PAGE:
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If You're Gonna Dye Your Pet's Fur a Funky Shade, at Least Do It Safely

Rebecca Bracken is a news and views writer.






You probably shouldn't do it, but here's how to safely dye your dog's hair if you must

OK, there's no doubt about the fact that a dog with perfectly coiffed and dyed fur is adorable — but we can't fully enjoy the sight due to the nagging feeling in the pit of our stomachs that it just isn't good for the animal.

Pink and purple pets have been trending for a hot second, and for the most part, it seems to be safe. But does that make it right? We still can't really decide.

But what we do know is that if you are going to give into the trend and give dyeing your pet a go, you need to do it right. Take every measure to make sure that the coloring you're doing is safe. We know the last thing you want to do is harm your pet — so just proceed with caution.

More: Which Human Foods Can You Feed Your Dog?

Do not under any circumstances use hair color intended for humans on your pets. The chemicals in the hair color are toxic, and an animal's first instinct is to lick off anything foreign they come in contact with. Also, the pH level of your pet's skin is very different from a human's, and your pet could have an adverse reaction. Really, don't do it.

Dyes that are safe for your pets

Food coloring: There are ways to dye your animal that are non-toxic. Food coloring or even natural dyes from foods (like beets for pink hair) are natural, non-toxic ways to add color to your dog's hair. Some people even recommend using food coloring to get your pet's hair the perfect shade.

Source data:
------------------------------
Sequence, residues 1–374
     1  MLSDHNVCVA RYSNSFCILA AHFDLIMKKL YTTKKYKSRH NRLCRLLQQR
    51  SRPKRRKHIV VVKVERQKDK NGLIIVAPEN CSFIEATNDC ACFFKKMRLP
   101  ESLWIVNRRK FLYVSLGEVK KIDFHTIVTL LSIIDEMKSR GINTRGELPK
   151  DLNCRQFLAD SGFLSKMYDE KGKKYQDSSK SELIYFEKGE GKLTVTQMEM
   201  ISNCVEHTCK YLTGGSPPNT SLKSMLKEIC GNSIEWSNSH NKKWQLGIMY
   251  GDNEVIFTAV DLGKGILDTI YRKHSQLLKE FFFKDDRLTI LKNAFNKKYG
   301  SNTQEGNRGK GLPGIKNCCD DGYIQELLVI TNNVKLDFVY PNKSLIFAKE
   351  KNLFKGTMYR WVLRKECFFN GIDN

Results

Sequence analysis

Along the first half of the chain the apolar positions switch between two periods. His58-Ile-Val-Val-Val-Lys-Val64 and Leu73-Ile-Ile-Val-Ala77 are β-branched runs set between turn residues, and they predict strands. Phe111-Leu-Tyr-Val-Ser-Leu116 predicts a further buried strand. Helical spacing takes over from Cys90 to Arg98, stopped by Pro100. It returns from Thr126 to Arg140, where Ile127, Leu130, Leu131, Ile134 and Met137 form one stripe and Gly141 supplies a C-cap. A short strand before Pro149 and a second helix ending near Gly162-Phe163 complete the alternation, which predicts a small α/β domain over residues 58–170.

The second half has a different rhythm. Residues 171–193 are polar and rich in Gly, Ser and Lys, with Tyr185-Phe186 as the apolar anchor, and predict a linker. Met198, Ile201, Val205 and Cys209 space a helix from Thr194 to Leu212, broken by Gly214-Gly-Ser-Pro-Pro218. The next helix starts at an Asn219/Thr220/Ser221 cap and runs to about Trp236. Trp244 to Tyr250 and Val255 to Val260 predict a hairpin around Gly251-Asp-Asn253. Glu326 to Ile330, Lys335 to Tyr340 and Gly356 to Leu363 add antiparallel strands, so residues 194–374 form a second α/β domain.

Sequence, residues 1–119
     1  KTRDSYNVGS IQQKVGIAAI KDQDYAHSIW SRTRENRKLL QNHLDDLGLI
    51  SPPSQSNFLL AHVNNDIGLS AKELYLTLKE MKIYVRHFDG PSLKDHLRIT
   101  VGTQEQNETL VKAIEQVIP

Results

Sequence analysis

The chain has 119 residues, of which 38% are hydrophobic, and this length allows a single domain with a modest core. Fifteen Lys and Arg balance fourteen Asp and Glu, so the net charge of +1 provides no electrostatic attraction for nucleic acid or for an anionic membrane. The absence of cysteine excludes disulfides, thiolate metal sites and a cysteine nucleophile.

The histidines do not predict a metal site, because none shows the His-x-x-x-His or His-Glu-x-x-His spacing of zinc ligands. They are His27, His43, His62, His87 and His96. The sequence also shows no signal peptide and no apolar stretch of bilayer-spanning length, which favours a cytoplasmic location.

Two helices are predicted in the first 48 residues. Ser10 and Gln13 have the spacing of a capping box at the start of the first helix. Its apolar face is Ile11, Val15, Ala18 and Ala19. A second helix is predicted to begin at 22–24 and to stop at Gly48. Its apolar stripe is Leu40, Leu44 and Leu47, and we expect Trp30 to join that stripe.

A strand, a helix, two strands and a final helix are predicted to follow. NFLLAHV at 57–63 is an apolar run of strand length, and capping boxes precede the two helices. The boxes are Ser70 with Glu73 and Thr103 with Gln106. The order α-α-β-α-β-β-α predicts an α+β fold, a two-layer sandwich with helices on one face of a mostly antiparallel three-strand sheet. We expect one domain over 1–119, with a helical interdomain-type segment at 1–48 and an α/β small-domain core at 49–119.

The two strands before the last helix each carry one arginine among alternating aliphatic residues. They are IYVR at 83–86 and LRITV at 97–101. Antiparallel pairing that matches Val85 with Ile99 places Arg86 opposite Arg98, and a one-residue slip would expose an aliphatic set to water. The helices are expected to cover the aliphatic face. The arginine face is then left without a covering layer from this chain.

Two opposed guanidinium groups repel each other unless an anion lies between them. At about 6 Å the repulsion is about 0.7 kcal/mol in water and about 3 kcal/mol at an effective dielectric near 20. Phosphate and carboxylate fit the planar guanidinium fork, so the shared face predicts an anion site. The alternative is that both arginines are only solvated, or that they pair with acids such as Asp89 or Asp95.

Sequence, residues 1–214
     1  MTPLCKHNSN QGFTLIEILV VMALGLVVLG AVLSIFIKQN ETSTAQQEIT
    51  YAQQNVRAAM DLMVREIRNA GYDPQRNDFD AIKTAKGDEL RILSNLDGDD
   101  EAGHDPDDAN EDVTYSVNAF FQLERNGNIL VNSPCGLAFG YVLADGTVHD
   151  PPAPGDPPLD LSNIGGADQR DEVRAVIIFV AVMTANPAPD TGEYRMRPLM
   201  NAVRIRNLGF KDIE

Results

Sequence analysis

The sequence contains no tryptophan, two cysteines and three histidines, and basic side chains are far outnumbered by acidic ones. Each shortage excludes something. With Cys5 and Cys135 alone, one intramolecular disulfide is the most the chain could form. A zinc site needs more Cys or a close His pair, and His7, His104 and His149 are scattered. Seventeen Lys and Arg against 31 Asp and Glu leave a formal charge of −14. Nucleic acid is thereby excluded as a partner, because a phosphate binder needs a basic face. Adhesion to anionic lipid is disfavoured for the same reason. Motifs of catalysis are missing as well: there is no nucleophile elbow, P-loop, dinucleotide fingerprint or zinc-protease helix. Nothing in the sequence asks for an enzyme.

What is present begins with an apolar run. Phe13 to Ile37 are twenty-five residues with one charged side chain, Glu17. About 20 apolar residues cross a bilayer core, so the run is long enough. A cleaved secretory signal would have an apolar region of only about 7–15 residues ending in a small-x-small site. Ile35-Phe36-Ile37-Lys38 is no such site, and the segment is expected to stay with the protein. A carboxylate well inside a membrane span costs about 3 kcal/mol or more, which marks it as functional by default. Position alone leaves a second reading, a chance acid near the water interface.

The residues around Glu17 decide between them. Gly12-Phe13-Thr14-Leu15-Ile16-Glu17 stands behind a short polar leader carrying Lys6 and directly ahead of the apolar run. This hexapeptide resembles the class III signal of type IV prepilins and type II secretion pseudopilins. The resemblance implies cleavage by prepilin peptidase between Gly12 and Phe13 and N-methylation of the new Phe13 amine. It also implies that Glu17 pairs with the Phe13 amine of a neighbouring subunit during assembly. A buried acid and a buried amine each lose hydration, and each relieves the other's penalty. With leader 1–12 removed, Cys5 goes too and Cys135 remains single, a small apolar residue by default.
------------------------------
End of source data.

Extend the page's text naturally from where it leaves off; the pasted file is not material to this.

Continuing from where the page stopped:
Dyes for pets: There are also all sorts of semi-permanent dyes on the market specifically made for pets, like these gels that come in all sorts of bright, fun colors.

Pet hair sprays: Just like you used to use at Halloween to get your hair that perfect shade of witch green, now you can get colored hair sprays to use on your pets for special occasions. It's advertised as completely non-toxic and washes off with soap and water.

Pet fur chalk: PetSmart and other groomers offer a "chalking" option that rubs colored "chalk" onto sections of the pet's hair to add a little touch of fun color.

But should you do it?

But even if there is a safe way to color your pet's hair, is it a good idea? Probably not. When Alessandra Ambrosio was spotted with her cute Bichon Frise dyed pink and purple a couple years back, the animals rights group PETA was not pleased.

"What most people don’t know is that dyeing a companion animal’s fur can cause the animal stress and can lead to complications or allergic reactions that endanger the animal’s health," PETA's statement against dyeing animals. "Our dogs and cats love us regardless of how we look; why not extend the same kindness to them?"

A fair point, to be sure.

Dog Whisperer Cesar Milan also cautions against dyeing your animal's fur simply because of the added, unnecessary stress it places on it. Your pet doesn't know what's going on and can be confused and have a hard time adjusting to its zany new color.

More: If Your Dog's Bark Suddenly Changes, It Could Be the Sign of a Health Problem

Is the extra attention you might get out on the street with your colorful pet really worth the potential harm?

What do you think? Would you try dyeing your pet, or is it just plain cruel?

You probably shouldn't do it, but here's how to safely dye your dog's hair if you must
Image: Yvonna Groom/Sheknows

Originally published April 2015. Updated July 2017.

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